And the further truth is that memories – whether of 20 minutes or 20 years ago – are remembered differently by different people and can change – albeit slightly (although sometimes significantly) – according to circumstances, as well as to the different hearers to whom they are being related at the time. Language, emotions being experienced when relating the account, beliefs in vogue at the time, opinions/stereotypes held, also contribute in different ways on different occasions. We also now know from neurologists working in the field of memory and remembering, that those which are frequently revived through re-visitation – develop what are known as “convergence zones”. Such convergence zones account for our skill in drawing together the bits and pieces of memories which, when assembled, amount to a recalled event. When in the morning and after showering, I reach for a clean shirt, select trousers, matching jacket, tie – not forgetting to insert bones into the shirt collar and cufflinks into its sleeve cuffs, I do in reality, conceive of objects, style, fashion and so on as a whole, rather than as a series of different tasks and separate entities. Such is the plasticity of neural networks within the brain, that we are able to store and at the appropriate signal(s) collate all of the otherwise independent bits and pieces into meaningful gestalten.
Of course, there is much more to it than we are able to consider here. We know, for instance, that the hippocampus, whilst not storing memories in the manner once thought, does appear to play a crucial sorting, filtering and collating role in memory. We also know that sleep plays an important part and that adequate REM sleep is crucial to the assemblage and retention of lasting memories. One feature of memory with which we are all familiar has to do with the manner in which it divides into short-term and long-term memory. Short-term memories last from a few moments to possibly a day or so. Beyond that, memories are retained on the basis of need, interest and motivation and are consolidated into long-term and therefore more permanent form. We know too that the hippocampus is heavily implicated in this process of consolidation, (although their remains much still to be learned about its roll and function). There is also, of course, a procedural element to memory, e.g. learning to walk, whether on the flat, upstairs or downhill. We possess a factual memory of which the remembering of objects, places, dates etc. would all be good examples. And what about what is referred to as “episodic memory”, which enables us to recall and describe happenings and events; e.g. how we spent our 21st birthday, our first day at university or in a new job? And none of us would get very far in accounting for any of the above without semantic memory.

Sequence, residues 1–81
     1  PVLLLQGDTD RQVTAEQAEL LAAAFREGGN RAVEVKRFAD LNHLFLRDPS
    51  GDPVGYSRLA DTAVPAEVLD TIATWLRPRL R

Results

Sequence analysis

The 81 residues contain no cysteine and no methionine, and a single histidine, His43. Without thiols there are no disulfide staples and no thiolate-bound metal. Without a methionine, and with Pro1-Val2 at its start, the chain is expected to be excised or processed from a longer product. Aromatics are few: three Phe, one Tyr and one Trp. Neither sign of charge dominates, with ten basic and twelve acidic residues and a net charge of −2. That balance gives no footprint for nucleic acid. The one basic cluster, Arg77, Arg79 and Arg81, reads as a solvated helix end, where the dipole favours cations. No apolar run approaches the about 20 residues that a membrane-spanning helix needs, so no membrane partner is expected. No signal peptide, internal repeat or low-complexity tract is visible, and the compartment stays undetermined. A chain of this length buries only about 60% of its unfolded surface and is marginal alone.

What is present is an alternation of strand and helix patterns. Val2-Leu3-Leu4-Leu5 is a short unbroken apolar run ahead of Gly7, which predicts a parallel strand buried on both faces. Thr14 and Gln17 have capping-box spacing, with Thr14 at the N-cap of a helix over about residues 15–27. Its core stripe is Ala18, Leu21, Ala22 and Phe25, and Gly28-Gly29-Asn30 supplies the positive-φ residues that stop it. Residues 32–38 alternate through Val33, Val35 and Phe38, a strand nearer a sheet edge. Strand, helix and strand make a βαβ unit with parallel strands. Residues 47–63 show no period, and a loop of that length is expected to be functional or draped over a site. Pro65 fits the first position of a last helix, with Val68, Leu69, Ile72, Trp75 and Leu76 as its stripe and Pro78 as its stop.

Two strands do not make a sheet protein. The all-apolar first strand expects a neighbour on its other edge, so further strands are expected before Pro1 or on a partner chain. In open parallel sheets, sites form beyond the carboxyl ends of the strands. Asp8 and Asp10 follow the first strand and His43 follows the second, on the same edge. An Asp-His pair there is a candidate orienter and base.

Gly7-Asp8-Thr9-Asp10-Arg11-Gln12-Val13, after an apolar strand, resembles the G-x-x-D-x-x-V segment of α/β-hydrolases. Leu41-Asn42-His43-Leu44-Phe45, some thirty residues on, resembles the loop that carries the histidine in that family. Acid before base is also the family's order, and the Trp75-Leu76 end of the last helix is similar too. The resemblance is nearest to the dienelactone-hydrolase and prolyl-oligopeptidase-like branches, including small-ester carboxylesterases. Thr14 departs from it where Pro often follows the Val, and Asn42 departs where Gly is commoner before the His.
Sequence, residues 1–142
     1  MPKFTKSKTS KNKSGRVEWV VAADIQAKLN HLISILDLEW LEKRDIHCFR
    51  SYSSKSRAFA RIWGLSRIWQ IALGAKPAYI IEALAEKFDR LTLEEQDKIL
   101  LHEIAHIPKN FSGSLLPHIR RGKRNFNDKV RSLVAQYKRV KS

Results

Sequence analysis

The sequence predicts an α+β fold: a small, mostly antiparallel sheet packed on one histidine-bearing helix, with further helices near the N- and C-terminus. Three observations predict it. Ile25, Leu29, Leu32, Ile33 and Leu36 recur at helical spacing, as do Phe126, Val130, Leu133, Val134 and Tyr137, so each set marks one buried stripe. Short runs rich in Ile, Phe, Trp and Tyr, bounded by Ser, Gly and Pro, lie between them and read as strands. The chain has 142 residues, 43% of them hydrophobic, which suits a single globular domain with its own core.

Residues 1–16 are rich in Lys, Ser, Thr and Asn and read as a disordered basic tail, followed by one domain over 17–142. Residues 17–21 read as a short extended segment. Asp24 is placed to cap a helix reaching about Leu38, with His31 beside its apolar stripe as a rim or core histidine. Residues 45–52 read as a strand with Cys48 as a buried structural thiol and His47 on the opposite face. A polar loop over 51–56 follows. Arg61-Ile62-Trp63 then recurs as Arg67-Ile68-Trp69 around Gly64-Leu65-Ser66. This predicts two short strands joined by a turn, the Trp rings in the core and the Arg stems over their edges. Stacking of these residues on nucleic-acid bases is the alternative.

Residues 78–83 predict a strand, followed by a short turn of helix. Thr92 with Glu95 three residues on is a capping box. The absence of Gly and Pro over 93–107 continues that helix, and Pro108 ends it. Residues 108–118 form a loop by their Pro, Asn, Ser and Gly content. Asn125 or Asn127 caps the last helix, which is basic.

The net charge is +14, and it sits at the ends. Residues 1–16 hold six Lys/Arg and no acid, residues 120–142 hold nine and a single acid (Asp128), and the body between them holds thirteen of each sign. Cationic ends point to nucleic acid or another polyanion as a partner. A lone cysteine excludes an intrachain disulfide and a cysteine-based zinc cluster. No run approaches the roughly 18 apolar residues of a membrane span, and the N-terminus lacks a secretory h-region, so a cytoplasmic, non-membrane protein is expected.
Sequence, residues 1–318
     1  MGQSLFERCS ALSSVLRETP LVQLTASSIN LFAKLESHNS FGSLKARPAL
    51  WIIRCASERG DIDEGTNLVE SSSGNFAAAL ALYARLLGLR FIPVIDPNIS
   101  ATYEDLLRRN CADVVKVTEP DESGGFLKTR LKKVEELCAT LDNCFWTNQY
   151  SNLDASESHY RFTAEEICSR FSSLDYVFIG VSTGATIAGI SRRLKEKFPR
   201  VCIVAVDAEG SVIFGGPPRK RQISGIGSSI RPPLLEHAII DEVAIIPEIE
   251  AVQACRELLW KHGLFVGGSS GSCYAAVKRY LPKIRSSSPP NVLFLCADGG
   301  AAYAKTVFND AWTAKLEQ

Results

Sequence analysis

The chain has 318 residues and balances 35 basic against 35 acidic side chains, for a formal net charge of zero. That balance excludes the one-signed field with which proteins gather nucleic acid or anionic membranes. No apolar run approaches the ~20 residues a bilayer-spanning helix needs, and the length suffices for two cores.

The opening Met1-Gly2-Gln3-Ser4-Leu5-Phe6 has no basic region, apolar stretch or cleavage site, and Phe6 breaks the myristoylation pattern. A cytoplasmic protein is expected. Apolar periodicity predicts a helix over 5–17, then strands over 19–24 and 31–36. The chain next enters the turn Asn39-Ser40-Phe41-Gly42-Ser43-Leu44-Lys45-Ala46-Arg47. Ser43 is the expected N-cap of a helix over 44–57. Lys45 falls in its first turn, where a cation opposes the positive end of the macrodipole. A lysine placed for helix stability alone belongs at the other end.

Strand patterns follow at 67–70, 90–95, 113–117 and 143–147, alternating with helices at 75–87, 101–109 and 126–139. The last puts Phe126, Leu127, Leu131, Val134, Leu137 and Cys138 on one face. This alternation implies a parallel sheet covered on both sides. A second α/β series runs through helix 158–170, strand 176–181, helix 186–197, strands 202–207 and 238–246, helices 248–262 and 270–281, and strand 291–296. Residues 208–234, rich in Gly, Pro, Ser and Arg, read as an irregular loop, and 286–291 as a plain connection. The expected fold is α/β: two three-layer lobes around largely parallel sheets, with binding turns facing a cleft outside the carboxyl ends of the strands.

Semantic memory is largely detached from what we remember; that is, on the basis of personal experience. On the other hand, it is frequently embedded, in episodic memory especially. Thus, remembering a friend’s birthday entails both, as also would – say – the changing of a wheel on our car sometime in the past. (Having a puncture, i.e. an event, is an example of episodic memory, whereas the ‘know how’ of changing a wheel is more cognitive, theoretical even, than personal and autobiographical). (C) SB.
- The cerebral hemispheres are marked of into regions called lobes.
- · A group of brain masses made up of grey matter, i.e. cells. They are involved in the regulation of movement at a subconscious level.